Some welcome the move towards computer science, however. “I think the changes are important and reflect the country’s need for more talents and advances in the fields,” says Anh Nguyen, a machine-learning researcher at Auburn University in Alabama. These fields “have a strong potential to transform human lives” across a variety of disciplines, he says.
Still, the concentration of funding in certain fields without an expansion of the programme means that other areas — such as basic science — will be cut back, says Kelsey Lucas, a marine and aquatic comparative biomechanist at the University of Michigan in Ann Arbor, whose graduate work was supported by the GRFP. “By focusing on certain areas, that means other areas are going to be getting less funding.”
In an e-mail to Nature, a spokesperson for the NSF wrote, “These changes are not intended to exclude any areas of science supported by NSF,” and pointed to the advances in basic science that the NSF has funded over the past seven decades. “NSF is simply signifying that these are areas of national importance and we are encouraging students to apply.” The spokesperson also said that the areas of emphasis would not change the review or selection process.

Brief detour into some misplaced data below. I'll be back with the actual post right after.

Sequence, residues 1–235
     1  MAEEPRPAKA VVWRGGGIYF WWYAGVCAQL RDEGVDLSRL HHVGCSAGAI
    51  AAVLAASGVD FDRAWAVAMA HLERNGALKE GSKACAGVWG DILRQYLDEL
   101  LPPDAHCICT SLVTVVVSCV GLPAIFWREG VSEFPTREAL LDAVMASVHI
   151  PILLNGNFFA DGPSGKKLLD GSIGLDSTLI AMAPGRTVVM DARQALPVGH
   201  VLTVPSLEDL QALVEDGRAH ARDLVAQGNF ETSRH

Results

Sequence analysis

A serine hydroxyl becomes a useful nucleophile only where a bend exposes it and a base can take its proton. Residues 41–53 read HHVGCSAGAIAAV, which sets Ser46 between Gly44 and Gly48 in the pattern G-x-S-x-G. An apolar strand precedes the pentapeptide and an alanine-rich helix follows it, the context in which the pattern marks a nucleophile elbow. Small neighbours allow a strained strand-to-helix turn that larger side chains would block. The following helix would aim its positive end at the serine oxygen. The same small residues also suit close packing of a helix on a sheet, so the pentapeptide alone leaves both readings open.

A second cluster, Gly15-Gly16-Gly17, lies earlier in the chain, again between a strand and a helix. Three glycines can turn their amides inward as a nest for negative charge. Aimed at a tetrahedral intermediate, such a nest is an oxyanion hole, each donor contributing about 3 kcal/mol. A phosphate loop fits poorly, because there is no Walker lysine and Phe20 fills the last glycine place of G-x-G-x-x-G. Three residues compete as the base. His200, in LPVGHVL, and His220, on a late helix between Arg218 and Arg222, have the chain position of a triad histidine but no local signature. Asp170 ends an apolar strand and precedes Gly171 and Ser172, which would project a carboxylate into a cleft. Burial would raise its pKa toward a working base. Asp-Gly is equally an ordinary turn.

Diversity at risk
Nevertheless, scientists fear that the move could make it harder for certain people to win these prestigious grants — including Black and Latinx scientists.
“Frankly, I was disappointed,” says Christian Cazares, a neuroscientist at the University of California, San Diego, and a current GRFP awardee. He views the changes as “completely antithetical” to the NSF’s stated commitment to promoting diversity in science. The lack of diversity in the three new priority fields — only 18.8% of US computer-science bachelor’s degrees went to Black and Latinx students and 18.7% to women in 2016 — means that the move will perpetuate already-existing disparities, he says. (According to a 2014 review of the programme, between 1994 and 2004, about 80% of GRFP awards went to white applicants.)